For anyone interested in understanding the lasting impact of the Spanish Civil War on contemporary society, Unearthing Franco's Legacy is required reading. The editors of this book have brought together, and placed in constructive dialogue, a comprehensive group of international authors whose contributions result in a sweeping and devastating account of the war's deep wounds on individual lives and collective histories. Meticulously studying Franco's policies, their impact on the war's victims, and representations of the war's stories, both those unearthed and others that continue to be buried, this book makes terribly clear that the Spanish Civil War and its memory continue to teach us lessons about the responsibility of scholarship in deciphering the complexities of the past. --Jordana Mendelson, New York University
Unearthing Franco's Legacy is a timely contribution to a subject that has provoked serious discussion both in Spain and abroad. The scholars and practitioners whose work is represented in this volume address the issue of historical memory from different disciplinary angles, and the interdisciplinarity of the approaches adds much to the book's value and to the debates that persist regarding this topic. -- David T. Gies, Commonwealth Professor of Spanish, University of Virginia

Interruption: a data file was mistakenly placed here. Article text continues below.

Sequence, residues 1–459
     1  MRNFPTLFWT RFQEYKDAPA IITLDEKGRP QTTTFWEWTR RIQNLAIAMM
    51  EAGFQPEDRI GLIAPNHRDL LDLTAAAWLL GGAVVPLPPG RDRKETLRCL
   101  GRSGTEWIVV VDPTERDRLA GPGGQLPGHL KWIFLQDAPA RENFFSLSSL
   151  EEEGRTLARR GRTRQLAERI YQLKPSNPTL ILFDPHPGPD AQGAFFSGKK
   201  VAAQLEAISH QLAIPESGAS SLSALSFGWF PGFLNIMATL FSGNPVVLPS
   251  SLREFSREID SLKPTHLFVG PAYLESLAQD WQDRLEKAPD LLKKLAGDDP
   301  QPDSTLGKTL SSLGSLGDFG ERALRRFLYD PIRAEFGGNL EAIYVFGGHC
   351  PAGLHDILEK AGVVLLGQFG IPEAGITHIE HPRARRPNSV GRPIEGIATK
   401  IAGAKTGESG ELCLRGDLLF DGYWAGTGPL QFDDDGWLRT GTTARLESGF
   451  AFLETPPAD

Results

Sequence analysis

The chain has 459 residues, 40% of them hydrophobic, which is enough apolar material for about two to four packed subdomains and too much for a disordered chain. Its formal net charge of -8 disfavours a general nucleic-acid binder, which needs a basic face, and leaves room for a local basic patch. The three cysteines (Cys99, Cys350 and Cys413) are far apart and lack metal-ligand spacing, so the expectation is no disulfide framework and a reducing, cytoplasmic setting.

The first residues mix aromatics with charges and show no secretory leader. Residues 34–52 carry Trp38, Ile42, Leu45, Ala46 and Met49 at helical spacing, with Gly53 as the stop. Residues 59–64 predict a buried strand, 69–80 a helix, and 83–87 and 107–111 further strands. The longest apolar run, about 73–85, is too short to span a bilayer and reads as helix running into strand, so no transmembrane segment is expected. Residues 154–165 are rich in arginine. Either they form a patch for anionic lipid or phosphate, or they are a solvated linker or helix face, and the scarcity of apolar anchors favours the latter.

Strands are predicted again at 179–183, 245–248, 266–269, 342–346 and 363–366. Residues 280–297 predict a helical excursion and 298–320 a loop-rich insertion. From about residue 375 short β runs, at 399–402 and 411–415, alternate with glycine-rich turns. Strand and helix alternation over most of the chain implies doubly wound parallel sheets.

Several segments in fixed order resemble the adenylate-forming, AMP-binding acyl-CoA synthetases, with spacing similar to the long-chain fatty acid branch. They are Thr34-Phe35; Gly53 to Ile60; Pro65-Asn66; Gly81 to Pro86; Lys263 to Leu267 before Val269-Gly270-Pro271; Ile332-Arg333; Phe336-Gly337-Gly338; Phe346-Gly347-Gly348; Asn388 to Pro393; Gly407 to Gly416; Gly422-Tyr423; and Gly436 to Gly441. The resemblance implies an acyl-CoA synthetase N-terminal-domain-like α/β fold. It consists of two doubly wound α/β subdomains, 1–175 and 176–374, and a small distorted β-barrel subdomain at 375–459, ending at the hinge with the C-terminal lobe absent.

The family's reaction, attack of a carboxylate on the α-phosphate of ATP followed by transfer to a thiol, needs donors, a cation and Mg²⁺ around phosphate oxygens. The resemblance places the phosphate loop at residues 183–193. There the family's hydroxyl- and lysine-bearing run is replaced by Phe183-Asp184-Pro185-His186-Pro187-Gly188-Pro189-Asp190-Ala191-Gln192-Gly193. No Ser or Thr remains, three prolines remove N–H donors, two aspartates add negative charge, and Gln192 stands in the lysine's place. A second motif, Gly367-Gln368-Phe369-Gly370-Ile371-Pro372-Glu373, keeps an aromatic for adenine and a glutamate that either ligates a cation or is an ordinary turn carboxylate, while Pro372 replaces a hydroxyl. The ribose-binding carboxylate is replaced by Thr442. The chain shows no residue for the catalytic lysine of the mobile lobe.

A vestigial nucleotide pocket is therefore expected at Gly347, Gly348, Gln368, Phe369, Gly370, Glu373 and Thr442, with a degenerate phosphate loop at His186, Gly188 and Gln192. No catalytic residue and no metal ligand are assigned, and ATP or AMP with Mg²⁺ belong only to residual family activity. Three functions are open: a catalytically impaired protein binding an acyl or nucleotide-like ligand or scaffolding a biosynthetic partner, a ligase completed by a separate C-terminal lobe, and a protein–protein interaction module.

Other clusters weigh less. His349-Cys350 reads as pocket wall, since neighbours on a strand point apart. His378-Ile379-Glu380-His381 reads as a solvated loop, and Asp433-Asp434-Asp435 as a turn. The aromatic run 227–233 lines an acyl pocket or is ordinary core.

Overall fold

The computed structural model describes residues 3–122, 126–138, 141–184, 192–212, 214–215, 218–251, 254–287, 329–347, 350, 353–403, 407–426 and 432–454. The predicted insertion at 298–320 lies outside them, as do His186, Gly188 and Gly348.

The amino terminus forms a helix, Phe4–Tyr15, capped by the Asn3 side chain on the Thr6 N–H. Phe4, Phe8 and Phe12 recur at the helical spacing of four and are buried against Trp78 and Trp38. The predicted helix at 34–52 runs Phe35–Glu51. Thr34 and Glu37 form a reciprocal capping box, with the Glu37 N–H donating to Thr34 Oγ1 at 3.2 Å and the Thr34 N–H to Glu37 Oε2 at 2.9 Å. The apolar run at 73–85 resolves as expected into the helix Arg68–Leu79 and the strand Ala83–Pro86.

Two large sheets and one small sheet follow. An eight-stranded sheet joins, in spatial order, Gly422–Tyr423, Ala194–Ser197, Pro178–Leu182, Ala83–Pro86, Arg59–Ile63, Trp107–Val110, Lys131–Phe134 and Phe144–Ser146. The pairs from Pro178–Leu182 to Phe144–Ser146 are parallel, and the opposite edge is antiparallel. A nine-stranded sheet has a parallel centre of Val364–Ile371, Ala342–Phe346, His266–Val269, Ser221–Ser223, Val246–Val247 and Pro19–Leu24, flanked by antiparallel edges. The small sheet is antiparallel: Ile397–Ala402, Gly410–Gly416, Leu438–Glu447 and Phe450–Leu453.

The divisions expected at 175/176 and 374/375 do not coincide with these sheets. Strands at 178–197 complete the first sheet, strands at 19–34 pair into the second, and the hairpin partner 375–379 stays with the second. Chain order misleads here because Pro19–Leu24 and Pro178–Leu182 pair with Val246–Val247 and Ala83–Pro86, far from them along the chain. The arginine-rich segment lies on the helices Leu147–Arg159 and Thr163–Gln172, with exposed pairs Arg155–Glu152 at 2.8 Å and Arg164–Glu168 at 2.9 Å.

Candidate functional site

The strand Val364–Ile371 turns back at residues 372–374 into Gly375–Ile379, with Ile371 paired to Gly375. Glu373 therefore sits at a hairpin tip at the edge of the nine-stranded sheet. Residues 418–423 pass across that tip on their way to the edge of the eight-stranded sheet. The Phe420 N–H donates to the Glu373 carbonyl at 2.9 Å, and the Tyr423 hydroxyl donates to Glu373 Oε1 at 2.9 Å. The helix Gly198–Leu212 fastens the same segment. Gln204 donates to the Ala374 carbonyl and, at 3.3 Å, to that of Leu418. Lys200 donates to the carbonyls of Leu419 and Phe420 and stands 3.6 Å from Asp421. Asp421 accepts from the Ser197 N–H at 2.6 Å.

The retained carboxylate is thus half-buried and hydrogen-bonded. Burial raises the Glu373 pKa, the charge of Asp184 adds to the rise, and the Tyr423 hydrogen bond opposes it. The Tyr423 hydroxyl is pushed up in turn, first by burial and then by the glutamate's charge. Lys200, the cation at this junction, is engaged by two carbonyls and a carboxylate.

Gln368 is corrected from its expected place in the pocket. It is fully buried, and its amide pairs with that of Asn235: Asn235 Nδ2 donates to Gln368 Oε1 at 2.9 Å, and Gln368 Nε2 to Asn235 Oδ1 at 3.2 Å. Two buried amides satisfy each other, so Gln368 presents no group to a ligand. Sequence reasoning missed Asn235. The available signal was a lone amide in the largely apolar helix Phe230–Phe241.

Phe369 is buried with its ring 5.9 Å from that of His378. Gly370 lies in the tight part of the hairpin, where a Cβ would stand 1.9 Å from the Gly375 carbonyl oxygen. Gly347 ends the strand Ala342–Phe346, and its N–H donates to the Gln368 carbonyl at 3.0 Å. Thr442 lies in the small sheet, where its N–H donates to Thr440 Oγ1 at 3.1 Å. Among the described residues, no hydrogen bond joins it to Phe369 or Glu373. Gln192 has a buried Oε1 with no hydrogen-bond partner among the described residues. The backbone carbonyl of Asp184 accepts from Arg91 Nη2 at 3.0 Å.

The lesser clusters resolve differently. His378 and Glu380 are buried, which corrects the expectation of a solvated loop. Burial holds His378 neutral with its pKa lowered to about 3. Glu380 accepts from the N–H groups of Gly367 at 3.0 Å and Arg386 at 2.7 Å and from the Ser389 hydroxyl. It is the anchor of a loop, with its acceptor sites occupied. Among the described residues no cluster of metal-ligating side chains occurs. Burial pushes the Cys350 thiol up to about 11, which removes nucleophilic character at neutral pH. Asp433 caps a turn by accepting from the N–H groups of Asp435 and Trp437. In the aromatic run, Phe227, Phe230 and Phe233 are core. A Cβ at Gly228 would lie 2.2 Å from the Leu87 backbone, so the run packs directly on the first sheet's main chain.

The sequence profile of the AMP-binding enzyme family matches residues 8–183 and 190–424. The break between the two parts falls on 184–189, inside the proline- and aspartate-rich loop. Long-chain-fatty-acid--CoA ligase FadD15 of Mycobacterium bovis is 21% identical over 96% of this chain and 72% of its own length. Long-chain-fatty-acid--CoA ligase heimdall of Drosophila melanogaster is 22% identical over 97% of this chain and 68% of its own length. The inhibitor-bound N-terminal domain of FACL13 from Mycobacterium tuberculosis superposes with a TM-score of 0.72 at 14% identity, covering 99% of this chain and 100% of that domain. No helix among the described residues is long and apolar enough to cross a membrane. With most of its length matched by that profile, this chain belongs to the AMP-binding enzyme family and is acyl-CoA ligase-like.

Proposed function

In January, 1933, workers who were part of the CNT (National Work Confederation) marched in the streets, demonstrating and believing that they were starting a revolution. Somehow during the demonstrations, two guards were wounded. The government's attempt to stamp out such revolutionary zeal came to a tragic head and twenty-four people died during the incident. The violence at Casas Viejas contributed to the uprising three years later that became the Spanish Civil War. This book is a brilliant mix between a journalist report and an account of Spain's social, economic and political history.
After World War II, Norman Lewis returned to Spain and settled in the remote fishing village of Farol, on what is now Costa Brava. Voices of the Old Sea describes his three successive summers in that almost medieval community where life revolved around the seasonal sardine catches, Alcade's bar, and satisfying feuds with neighboring villages. It's lucky Lewis was there when he was. Soon after, Spain was discovered by its neighbors in a more prosperous northern Europe, and the tourist tide that ensued flowed inexorably over the old ways of the town and its inhabitants.